Tiger Woods has not competed since February because of a back injury, and is not expected to return this year.

Tiger Woods has not competed since February because of a back injury and is not expected to return this year.

August 9, 2017

PALM BEACH GARDENS, Fla. — Tiger Woods has agreed to plead guilty to reckless driving and will enter a diversion program that will allow him to have his record wiped clean if he completes the program, a prosecutor said on Wednesday.

Woods, 41, was charged with driving under the influence in May when he was found asleep in his Mercedes-Benz, apparently under the influence of a prescription painkiller and sleeping medication. No alcohol was found in his system.

Woods did not appear at the Palm Beach County courthouse for his arraignment. Prosecutor Adrienne Ellis said Woods agreed to plead guilty at an Oct. 25 hearing and enter the county’s program for first-time D.U.I. offenders.

“He is not being treated any different than anyone else,” Ellis said.

Woods’s lawyer, Douglas Duncan, entered a not guilty plea to the D.U.I. charge on Woods’s behalf and declined to comment as he left the courthouse.

Tiger Woods Arrested-2RELATED STORY: Tiger Woods Arrested and Released In Florida for Suspicion of DUI

Under the plea deal, prosecutors would drop the D.U.I. charge, which is a more severe charge than reckless driving. If he completes the program, he can ask a judge to expunge the reckless driving conviction.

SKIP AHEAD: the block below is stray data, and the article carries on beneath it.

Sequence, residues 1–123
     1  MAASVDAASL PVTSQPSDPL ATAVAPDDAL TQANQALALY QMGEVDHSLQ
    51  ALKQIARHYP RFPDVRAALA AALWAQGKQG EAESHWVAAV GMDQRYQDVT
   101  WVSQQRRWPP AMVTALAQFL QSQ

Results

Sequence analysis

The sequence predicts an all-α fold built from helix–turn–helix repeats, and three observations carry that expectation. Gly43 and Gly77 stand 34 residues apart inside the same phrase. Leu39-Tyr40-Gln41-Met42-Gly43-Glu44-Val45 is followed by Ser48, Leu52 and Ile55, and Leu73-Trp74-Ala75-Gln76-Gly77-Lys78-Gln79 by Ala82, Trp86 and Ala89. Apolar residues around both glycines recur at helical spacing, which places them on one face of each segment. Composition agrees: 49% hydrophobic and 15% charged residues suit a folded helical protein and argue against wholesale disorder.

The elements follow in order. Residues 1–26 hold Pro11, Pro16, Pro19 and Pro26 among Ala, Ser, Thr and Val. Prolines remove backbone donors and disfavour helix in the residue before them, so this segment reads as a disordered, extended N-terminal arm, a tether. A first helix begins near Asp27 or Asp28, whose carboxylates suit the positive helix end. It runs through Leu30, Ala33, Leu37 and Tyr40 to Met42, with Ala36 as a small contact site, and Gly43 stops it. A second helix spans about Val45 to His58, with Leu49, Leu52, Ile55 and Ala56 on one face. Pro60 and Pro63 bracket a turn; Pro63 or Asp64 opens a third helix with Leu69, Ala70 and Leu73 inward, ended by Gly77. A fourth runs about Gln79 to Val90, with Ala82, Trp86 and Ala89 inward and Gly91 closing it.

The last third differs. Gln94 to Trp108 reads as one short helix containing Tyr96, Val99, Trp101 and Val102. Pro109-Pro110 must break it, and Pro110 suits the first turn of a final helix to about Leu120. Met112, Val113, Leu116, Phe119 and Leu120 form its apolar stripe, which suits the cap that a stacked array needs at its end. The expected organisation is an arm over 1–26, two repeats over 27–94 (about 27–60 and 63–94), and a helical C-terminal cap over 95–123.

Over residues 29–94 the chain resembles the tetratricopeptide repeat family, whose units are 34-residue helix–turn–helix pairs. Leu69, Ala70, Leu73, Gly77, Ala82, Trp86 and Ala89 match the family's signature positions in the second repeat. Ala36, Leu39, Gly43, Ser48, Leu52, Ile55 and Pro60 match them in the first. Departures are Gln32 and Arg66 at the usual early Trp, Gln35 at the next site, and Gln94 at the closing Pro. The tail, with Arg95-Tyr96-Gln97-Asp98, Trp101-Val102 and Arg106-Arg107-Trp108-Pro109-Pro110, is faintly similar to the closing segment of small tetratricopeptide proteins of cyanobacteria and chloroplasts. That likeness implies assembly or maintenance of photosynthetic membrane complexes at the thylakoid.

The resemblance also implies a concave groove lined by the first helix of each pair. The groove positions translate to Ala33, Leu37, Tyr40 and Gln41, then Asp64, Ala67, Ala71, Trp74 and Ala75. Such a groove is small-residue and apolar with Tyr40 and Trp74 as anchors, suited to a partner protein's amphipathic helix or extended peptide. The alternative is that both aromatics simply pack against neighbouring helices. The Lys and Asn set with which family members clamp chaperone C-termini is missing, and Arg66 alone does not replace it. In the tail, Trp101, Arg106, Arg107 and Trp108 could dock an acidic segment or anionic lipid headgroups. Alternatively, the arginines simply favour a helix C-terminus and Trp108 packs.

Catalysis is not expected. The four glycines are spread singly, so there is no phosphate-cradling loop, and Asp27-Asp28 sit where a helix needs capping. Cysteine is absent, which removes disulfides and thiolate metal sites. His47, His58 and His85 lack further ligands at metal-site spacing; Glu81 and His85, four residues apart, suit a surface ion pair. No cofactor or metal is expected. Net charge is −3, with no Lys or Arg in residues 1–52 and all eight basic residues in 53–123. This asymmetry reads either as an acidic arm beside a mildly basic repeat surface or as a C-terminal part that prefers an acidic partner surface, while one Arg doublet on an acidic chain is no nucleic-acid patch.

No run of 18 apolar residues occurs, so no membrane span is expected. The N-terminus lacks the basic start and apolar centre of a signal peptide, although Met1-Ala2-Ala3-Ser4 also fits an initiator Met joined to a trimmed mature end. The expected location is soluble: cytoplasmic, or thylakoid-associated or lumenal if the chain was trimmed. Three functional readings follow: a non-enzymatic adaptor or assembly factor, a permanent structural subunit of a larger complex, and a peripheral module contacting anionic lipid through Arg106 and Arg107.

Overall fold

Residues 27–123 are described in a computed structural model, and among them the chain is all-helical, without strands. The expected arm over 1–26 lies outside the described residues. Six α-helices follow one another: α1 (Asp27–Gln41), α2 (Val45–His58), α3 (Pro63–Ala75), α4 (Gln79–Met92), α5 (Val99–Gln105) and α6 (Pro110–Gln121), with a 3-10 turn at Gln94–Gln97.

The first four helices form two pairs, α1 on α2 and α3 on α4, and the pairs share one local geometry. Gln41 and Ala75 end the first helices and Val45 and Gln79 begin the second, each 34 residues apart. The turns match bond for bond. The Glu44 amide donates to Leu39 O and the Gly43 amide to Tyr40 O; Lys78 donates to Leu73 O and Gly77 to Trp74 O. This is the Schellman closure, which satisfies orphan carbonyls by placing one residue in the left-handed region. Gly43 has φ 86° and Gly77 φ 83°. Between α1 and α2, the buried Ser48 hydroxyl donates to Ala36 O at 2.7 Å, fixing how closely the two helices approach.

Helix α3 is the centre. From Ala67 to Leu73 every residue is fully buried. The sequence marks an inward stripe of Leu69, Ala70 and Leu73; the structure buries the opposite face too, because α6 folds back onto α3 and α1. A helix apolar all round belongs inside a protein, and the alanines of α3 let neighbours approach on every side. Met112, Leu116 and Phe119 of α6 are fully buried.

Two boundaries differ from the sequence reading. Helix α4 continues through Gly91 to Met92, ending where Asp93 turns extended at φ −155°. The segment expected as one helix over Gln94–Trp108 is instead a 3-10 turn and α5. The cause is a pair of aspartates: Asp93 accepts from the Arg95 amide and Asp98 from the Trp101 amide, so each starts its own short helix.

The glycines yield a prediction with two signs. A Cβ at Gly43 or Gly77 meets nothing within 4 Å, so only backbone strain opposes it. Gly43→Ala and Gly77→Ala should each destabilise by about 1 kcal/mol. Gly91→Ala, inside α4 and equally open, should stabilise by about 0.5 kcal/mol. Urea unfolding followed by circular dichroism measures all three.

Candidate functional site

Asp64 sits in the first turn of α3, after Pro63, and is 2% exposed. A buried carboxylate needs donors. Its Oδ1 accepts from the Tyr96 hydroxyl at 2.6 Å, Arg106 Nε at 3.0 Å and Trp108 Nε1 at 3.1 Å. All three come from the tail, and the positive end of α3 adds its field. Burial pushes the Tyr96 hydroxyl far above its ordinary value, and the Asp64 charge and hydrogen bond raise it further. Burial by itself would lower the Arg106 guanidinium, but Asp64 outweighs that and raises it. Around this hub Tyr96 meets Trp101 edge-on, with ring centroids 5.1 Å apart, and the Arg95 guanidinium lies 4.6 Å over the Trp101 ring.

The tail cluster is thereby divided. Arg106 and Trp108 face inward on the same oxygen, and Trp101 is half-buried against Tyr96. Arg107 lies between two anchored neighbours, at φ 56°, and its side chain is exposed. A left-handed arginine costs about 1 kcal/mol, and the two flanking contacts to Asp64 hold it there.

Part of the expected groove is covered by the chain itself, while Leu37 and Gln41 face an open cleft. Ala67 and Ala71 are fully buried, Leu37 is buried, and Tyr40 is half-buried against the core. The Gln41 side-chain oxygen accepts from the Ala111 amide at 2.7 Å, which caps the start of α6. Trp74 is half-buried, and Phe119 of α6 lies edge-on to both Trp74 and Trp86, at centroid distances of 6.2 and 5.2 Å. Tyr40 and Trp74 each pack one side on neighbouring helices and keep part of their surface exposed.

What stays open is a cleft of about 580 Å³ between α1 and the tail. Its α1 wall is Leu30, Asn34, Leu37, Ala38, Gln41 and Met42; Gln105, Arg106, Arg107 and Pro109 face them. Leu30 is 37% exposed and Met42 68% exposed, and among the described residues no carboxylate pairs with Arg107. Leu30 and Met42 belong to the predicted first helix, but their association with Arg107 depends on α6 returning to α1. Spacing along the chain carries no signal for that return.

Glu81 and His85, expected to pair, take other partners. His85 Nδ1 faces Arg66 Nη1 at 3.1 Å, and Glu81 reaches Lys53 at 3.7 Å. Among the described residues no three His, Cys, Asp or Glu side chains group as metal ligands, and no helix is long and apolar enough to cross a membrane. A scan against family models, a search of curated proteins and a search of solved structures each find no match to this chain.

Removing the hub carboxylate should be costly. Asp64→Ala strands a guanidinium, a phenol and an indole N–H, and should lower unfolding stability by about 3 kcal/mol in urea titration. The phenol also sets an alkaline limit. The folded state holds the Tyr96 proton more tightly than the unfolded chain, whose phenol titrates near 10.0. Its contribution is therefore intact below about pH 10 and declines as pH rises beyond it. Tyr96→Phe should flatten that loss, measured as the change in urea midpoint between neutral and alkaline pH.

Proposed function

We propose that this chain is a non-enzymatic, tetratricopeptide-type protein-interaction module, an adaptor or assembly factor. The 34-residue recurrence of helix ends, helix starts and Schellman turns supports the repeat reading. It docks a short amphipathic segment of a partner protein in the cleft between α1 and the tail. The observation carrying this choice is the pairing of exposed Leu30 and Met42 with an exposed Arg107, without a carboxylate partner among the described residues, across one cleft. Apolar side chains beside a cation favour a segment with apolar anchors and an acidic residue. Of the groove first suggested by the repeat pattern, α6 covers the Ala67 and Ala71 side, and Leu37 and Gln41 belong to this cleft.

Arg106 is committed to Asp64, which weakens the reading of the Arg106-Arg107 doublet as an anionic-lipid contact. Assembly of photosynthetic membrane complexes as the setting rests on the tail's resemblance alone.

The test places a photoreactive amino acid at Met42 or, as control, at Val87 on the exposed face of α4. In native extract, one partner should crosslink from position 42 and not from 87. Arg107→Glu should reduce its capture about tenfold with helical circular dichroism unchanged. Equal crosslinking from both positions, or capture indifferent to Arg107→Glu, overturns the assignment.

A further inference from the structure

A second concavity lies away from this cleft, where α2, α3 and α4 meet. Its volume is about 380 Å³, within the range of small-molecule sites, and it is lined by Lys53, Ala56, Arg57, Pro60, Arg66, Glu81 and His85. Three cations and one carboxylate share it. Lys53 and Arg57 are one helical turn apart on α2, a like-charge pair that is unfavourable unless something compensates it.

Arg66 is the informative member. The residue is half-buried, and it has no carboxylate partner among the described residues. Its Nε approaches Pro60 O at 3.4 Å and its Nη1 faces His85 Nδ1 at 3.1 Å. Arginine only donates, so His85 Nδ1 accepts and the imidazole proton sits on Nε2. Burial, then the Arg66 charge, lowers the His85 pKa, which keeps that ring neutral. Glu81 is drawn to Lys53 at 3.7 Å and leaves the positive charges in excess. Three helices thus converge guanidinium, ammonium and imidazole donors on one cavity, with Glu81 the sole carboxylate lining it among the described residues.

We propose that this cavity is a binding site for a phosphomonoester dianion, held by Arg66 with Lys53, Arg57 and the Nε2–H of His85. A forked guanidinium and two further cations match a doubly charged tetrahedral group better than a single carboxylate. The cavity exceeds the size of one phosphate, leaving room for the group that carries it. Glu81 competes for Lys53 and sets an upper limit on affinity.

In the diversion program, Woods will spend a year on probation, pay a $250 fine and court costs, attend D.U.I. school and perform 50 hours of community service. He would also have to attend a workshop where victims of impaired drivers detail how their lives were damaged and face other conditions. Since the program began four years ago, almost 2,400 defendants have enrolled, according to the Palm Beach County State Attorney’s Office.

If convicted of driving under the influence, Woods would have faced a fine of $500 to $1,000, had his car impounded for 10 days and other conditions. He also could have been jailed for up to six months, although that was unlikely; received probation; and lost his driver’s license for six months to a year.

Read more of this story at AssociatedPress.com

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